More recently  I had a problem with the notion of 'transcendence'. But now I see the notion of transcendence involves simply a claim that deity, at least in its eternal primordial aspect, does not subsist in our 'space and time' universe (since 'universe' technically means everything that exists,  our 'universe'with its particular space-time structure and physical constants shall be described as the 'cosmos' hereafter). It is now well accepted in scientific discourse, that in principle other dimensions (and in string theory there are at least 10 such dimensions] can exist in which our cosmos may be embedded i.e. that there may be a 'hyper-dimensional' reality.  However deism has long proposed that the deus must be distinct from the cosmos we inhabit. Indeed deism avoids the problem of evil by proposing that the deity cannot intervene in the universe we inhabit in a mechanical way either to change physical laws or processes or to communicate special revelations - even if it wanted to. An understanding of modern cosmology leads one to realise that whatever is external to our cosmos cannot interact directly in our space time, and certainly  not without disrupting the physical laws and constants that maintain the integrity of our cosmos. So deism it must be, not theism, unless we abandon reason.

Ultimately a belief in a deity can be reasonable (i.e. it is not contrary to logic or existing scientific knowledge) but the choice to believe rather than not believe comes down to a personal judgement. This in turn is informed by yes, intuitions, emotion, aesthetics, and a desire that the universe be a certain way. I would argue that a strong commitment to atheism also involves such non-rational elements. I have come across many atheists who don't want there to be a god, and don't like the idea of it. Usually they are reacting to a particular religious notion of deity and religious practice, which is not a necessary consequence of such a belief.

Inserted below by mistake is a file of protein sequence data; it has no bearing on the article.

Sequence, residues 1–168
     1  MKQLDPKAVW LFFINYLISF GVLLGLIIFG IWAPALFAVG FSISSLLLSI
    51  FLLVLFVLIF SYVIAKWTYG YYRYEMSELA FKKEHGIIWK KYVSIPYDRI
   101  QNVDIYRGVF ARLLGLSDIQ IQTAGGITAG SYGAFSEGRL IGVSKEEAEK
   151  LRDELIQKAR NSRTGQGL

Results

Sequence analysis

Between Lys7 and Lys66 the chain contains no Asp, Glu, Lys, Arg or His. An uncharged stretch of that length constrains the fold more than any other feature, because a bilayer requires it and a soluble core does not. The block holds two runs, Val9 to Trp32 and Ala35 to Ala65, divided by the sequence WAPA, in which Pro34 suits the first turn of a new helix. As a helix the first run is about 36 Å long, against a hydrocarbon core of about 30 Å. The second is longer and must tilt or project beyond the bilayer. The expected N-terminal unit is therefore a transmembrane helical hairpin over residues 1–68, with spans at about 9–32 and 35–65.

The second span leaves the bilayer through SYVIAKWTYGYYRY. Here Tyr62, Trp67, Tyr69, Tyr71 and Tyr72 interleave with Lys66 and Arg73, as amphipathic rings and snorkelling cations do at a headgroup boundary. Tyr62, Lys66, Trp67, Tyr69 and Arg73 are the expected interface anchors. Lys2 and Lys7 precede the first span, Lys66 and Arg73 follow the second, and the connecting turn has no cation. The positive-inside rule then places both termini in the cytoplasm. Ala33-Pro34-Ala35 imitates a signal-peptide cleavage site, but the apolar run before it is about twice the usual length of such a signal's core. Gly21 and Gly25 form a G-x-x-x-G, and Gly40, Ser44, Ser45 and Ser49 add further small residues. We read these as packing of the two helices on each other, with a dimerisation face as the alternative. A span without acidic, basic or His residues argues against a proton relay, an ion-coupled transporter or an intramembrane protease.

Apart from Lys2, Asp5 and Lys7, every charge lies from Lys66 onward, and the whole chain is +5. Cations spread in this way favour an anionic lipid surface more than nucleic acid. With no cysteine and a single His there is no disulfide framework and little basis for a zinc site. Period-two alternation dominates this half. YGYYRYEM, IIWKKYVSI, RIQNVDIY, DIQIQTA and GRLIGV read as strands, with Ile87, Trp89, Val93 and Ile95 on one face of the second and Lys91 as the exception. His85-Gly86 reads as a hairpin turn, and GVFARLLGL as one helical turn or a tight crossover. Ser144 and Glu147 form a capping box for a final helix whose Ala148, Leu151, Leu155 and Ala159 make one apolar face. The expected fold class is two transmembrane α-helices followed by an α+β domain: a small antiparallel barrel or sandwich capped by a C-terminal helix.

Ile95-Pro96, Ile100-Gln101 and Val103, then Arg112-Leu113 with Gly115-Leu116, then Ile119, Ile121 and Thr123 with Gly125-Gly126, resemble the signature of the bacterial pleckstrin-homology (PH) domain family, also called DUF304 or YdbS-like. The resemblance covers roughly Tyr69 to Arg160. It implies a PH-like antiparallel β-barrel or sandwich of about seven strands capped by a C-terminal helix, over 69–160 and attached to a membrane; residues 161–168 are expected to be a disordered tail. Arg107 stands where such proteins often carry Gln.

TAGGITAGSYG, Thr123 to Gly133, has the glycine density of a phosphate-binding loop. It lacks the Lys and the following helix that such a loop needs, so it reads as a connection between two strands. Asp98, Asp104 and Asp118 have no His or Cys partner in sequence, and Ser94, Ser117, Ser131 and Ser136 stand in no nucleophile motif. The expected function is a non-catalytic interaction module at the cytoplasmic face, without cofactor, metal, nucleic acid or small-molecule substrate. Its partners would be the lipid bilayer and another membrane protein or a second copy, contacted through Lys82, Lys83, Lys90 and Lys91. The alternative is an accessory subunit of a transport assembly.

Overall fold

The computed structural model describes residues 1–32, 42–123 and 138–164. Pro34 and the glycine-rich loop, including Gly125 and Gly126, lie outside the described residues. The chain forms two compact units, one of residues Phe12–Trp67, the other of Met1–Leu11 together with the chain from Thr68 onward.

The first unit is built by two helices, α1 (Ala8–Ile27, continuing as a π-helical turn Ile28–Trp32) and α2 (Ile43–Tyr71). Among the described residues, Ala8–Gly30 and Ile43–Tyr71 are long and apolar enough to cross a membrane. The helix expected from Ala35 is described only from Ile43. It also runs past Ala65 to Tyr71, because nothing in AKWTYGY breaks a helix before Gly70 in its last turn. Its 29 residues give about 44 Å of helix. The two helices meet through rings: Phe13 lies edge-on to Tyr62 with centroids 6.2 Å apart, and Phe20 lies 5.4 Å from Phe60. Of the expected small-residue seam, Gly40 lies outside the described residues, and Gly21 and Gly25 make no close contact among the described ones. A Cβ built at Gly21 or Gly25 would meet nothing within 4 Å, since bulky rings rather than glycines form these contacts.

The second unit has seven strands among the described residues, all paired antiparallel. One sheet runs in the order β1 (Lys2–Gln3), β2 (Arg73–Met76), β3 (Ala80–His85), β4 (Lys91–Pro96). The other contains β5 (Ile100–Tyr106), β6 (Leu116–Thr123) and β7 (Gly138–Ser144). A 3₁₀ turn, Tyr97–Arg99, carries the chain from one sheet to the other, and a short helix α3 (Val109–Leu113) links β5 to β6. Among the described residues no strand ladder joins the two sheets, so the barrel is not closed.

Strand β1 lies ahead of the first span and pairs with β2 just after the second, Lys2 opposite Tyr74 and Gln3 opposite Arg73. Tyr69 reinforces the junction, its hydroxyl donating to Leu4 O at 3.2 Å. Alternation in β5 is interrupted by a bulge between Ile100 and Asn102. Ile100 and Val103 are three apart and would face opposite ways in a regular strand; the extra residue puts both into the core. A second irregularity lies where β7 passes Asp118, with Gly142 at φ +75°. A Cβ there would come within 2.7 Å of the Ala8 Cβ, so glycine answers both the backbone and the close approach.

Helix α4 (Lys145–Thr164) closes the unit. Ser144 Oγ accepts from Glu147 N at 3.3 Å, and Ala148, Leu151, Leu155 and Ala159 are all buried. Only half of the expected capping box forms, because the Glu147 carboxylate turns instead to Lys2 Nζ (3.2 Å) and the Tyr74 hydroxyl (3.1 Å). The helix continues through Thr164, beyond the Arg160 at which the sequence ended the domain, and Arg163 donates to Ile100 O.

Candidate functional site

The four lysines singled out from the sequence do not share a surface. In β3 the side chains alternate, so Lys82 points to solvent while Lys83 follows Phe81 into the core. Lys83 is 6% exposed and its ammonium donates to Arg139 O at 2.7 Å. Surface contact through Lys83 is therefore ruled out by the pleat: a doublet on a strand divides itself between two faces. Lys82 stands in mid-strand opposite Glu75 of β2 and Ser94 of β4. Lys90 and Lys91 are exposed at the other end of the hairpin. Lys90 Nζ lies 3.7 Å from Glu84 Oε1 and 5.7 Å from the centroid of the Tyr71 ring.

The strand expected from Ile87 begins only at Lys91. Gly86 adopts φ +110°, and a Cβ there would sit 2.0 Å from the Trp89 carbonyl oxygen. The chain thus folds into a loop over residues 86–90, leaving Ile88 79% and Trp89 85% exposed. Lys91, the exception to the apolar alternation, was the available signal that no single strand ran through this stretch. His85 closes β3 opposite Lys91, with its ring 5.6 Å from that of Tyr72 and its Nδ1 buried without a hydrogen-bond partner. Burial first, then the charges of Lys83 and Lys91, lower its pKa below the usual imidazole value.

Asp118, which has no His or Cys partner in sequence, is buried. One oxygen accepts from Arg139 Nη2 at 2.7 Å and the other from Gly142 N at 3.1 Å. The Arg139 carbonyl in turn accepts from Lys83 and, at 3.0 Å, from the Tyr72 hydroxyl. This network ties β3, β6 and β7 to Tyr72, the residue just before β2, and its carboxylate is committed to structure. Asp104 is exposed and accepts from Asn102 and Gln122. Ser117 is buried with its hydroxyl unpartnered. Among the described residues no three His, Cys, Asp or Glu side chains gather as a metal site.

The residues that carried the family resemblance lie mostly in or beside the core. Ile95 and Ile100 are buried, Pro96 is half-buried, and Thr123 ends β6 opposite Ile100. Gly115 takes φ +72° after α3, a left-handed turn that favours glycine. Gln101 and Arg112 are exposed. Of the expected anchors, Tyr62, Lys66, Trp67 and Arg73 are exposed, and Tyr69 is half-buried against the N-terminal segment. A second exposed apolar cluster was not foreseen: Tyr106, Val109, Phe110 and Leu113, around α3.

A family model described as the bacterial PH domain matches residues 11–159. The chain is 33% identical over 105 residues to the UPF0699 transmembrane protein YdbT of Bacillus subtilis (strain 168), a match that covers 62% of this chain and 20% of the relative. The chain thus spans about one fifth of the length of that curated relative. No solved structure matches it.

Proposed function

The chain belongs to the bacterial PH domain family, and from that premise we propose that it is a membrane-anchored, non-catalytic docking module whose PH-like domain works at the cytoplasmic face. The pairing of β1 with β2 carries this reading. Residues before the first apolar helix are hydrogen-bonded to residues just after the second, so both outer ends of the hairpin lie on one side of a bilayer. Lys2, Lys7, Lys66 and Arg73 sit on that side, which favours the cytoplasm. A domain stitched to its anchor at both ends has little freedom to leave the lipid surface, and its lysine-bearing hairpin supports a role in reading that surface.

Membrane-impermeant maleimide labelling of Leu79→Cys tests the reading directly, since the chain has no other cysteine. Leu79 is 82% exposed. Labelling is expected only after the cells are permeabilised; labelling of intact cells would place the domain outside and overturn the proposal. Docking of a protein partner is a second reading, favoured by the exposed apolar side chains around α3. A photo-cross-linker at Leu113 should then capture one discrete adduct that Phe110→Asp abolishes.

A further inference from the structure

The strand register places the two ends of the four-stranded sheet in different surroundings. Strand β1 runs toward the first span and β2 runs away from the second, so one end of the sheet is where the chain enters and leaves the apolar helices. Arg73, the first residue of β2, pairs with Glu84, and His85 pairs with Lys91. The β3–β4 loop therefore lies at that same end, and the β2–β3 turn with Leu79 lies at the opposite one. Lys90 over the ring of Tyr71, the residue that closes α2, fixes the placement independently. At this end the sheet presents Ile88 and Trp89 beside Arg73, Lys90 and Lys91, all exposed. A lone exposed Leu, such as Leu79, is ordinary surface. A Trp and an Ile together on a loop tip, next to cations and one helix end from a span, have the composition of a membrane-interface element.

I do agree that religion is probably the result of man's dread and awe of the unknown, and usually an attempt to find escape from death and meaning in suffering.  My deistic cosmology does not assume an after-life, or any meaning to particular suffering. It is not 'comforting' but it does seem to provide an overall explanation that satisfies not just reason but many other aspects of my personality and psyche, providing a successful form of integration and individuation. It is psycho-therapeutic whether it is true or not!. I admit immediately that any different personality may not 'see' what I see. Personality, upbringing, and social interaction has a huge influence on a religious choices or lack of them. Which is another reason why I cannot understand how religions could damn those who honestly can't believe - it is not a moral failing to not believe and hardly something we can force upon ourselves by dint of effort (believe me, I've tried). However the states of belief and unbelief, chartered on this blog are always in flux for most of us. Some days for me it is easier to believe than on other days. Supernaturalistic Evangelical Christianity is never believable on any day (not for many years) but also I find it very hard to hold to Naturalistic Atheism. Pan-en-Deism or Pagan Deism (discussed elsewhere) satisfies me today. As for tomorrow, who knows!